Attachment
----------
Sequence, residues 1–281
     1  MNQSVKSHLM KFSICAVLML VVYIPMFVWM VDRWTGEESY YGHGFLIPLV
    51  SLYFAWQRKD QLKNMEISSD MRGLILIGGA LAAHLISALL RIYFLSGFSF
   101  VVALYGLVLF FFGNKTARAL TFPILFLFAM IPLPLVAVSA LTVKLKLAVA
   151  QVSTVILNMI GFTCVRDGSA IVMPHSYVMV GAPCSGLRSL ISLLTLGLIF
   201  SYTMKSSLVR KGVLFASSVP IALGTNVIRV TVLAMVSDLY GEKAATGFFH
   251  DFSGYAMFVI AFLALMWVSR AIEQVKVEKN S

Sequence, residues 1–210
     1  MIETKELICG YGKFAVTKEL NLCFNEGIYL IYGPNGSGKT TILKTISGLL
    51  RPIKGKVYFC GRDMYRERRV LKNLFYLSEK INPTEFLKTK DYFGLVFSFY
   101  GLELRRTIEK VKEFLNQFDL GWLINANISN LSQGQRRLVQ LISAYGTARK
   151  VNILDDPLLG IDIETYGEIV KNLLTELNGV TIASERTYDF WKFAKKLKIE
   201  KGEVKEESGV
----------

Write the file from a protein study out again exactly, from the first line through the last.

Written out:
Sequence, residues 1–281
     1  MNQSVKSHLM KFSICAVLML VVYIPMFVWM VDRWTGEESY YGHGFLIPLV
    51  SLYFAWQRKD QLKNMEISSD MRGLILIGGA LAAHLISALL RIYFLSGFSF
   101  VVALYGLVLF FFGNKTARAL TFPILFLFAM IPLPLVAVSA LTVKLKLAVA
   151  QVSTVILNMI GFTCVRDGSA IVMPHSYVMV GAPCSGLRSL ISLLTLGLIF
   201  SYTMKSSLVR KGVLFASSVP IALGTNVIRV TVLAMVSDLY GEKAATGFFH
   251  DFSGYAMFVI AFLALMWVSR AIEQVKVEKN S

Sequence, residues 1–210
     1  MIETKELICG YGKFAVTKEL NLCFNEGIYL IYGPNGSGKT TILKTISGLL
    51  RPIKGKVYFC GRDMYRERRV LKNLFYLSEK INPTEFLKTK DYFGLVFSFY
   101  GLELRRTIEK VKEFLNQFDL GWLINANISN LSQGQRRLVQ LISAYGTARK
   151  VNILDDPLLG IDIETYGEIV KNLLTELNGV TIASERTYDF WKFAKKLKIE
   201  KGEVKEESGV